Tuesday, July 10, 2007

First Post--Litigation Knowledge Management Blog, "Caselines"

As a blog is a means of communicating news and theories, and real communication is improved by readers and authors having some common ground, I am beginning by a few words about who I am and what I am trying to do.

I am the litigation knowledge management attorney at a large law firm, Goodwin Procter LLP. Not surprisingly, I came to knowledge management from a background as a practicing litigator at two other firms. I used to litigate in such areas as deinked pulp mills, visitation rights for nonbiological parents, trade secrets, and zoning. (If you can find a common thread in those topics, you're smarter than me.) I've practiced in a 350+ attorney law firm and in an office of no more than 20 attorneys.

Part of what interests me about knowledge management is how it can potentially help attorneys avoid some of the confusion, drudgery, and anxiety that practicing law sometimes entails. Having a top-quality example of the same kind of pleading that you are trying to draft can be of tremendous benefit and reassurance. Talking to someone who has already appeared in front of the judge you are about to argue before, or who has previously hired the expert you are about to stake your case on, likewise can be of great value. Technology provides one means to share information such as this, but not the will or the culture that are just as necessary. Legal KM is about the technology and also the processes and cultures neccessary for attorneys to use, share, and reuse their skills and work product.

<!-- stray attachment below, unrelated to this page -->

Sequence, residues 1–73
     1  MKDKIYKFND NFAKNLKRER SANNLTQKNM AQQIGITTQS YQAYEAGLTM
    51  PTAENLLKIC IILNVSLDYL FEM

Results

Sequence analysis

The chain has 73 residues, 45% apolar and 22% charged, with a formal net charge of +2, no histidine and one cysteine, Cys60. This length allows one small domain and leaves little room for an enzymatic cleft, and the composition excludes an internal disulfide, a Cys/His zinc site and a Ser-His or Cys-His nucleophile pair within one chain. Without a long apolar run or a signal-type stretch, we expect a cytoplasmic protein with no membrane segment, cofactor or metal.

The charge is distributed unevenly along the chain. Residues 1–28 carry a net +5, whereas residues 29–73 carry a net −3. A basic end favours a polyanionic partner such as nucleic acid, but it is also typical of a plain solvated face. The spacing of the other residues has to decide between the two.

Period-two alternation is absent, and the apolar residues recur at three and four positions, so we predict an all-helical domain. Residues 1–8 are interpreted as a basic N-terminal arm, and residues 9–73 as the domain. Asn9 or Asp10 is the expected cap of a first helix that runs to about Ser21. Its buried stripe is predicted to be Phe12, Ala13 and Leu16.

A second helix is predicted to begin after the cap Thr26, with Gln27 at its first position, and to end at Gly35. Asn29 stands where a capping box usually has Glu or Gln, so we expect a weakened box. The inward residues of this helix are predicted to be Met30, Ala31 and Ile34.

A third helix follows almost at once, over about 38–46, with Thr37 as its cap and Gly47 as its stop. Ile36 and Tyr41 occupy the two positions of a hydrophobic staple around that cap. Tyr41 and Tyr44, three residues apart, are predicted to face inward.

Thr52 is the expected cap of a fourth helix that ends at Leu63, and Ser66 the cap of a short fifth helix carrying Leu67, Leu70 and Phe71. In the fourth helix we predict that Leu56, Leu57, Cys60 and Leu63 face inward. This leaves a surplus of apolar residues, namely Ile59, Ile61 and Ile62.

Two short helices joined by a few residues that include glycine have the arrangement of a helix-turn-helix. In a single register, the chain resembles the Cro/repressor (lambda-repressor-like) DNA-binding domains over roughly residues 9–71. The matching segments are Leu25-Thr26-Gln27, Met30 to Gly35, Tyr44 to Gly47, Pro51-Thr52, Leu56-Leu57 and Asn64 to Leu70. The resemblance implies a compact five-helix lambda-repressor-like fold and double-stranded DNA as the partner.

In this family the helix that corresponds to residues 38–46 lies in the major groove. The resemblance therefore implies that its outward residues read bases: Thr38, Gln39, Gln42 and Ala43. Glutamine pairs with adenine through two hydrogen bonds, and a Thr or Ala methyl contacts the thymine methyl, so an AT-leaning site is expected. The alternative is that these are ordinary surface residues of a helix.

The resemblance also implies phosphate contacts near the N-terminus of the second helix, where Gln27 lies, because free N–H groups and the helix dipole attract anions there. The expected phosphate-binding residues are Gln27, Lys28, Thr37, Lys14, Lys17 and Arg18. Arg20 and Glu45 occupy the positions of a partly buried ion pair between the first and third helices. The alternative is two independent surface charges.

Currently I'm working on the implications and uses of collaborative software, such as Enterprise 2.0; internal expertese identification; enterprise search; and matter management.

Your comments and views are most welcome.

1 comment:

Doug Cornelius said...

Excellent start. Two things you may want to think about:

1. Make it easy for people to subscribe to your blog. Try FeedBurner. You can create a simple subscribe button and track the number of subscribers.
2. Track visitors to your site. Google Analytics is an excellent tool for tracking visitors to your site and which posts are viewed the most.